Friday, 17 July 2009 00:00
Over the last 25 years, although I suspect that many residents might be in denial on this point, the Nassau County that historian Edward Smits dubbed “Suburbia, USA” has become more urbanized; more Queens-like. We now discuss issues like crime, homelessness, taxes, and immigration in a manner that, prior to 1980, would have been seen largely as Big City concerns: concerns of places like Queens.
As goes Queens so goes Nassau and as removed as things in say, Flushing, might seem from places like Levittown, the fact is we can’t ignore them. This is especially true with respect to the health care of our citizens. Consider that in the past three years, using both public and private monies, the City of New York erected a brand new, state-of-the-art stadium in which the Mets baseball franchise can host its games.
This has occurred at the same time that three hospitals in Queens - Parkway Hospital, St. John’s, and Mary Immaculate - closed their doors. Like the ancient Romans, like many Third World countries, we can lavish ourselves with entertainment venues while our citizens lack something as basic as a hospital in their community. The overflow of patients from these hospitals is pouring into Flushing Hospital where, as of this writing, the nursing staff has been working without a contract since June 30, 2009 and are being asked to work more and more for less and less. (A national trend, by the way, which is why this country is facing a nursing shortage). Imagine this: a nurse on the job for 25 years, who may have even saved a few human lives along the way, will have earned less in that quarter century of hard work than an uneducated professional athlete might take home in a single season playing a children’s game.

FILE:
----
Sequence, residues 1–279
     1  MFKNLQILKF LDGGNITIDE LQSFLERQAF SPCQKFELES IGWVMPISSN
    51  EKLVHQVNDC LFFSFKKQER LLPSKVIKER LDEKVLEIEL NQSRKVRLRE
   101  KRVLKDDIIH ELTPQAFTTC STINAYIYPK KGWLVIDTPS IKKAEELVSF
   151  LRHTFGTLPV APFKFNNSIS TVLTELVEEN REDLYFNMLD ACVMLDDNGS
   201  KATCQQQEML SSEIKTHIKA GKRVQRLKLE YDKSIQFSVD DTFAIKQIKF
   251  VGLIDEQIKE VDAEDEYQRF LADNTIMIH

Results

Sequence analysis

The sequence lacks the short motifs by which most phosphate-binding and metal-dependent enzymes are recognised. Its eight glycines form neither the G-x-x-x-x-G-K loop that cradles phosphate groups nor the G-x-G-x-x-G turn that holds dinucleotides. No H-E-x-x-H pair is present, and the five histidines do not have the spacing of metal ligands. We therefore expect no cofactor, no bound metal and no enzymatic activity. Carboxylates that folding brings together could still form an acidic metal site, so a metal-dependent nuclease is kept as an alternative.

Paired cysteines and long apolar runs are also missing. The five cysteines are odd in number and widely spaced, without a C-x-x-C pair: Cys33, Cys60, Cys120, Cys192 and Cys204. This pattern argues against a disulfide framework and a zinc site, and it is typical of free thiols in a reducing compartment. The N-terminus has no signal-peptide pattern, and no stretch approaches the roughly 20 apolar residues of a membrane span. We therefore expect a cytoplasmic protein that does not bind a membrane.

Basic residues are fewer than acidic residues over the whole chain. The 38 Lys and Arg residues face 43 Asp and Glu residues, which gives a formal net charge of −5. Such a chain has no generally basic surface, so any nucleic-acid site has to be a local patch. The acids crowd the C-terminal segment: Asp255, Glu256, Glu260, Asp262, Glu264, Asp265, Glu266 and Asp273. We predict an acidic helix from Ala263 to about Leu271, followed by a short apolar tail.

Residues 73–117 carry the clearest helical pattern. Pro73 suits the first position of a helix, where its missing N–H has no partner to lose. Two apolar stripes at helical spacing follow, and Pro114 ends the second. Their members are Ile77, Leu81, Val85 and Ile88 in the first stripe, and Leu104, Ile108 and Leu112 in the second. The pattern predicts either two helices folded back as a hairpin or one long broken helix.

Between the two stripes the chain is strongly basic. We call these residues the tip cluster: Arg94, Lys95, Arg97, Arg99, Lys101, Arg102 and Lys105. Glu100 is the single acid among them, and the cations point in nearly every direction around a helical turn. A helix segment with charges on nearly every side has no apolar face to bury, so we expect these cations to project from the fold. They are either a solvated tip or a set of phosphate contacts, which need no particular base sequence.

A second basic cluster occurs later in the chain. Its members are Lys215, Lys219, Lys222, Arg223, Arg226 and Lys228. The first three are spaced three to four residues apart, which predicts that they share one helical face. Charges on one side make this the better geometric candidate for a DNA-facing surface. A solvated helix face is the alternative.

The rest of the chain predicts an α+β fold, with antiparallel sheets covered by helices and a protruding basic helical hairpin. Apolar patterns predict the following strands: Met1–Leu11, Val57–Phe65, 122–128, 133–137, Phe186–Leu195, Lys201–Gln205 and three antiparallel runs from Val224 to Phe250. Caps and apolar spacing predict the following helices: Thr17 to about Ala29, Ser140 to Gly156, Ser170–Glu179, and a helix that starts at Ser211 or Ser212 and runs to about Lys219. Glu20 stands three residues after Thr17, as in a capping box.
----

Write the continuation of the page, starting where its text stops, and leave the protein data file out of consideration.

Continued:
This is certainly food for thought for the citizens of suburban Nassau. We seem to be moving forward - notwithstanding court tie-ups - in creating a new shopping mall, a new sports stadium, and a lighthouse miles inland in an age when ships navigate via satellite link-up. (OK, so it’s just a tacky faux lighthouse).
The Islanders might have a state-of-the-art place to play hockey in 2015. Will Nassau residents who are sick or have been in accidents have a place to go where they will receive state-of-the-art care - or will they be channeled into one of the last remaining hospitals in their area where an overwhelmed staff who are being asked to work more and more for less and less attempt to treat them?
The woes of Flushing and the nursing staff at Flushing Hospital might seem removed from the heart of Nassau County. But like I said before, as Queens goes, so goes Nassau.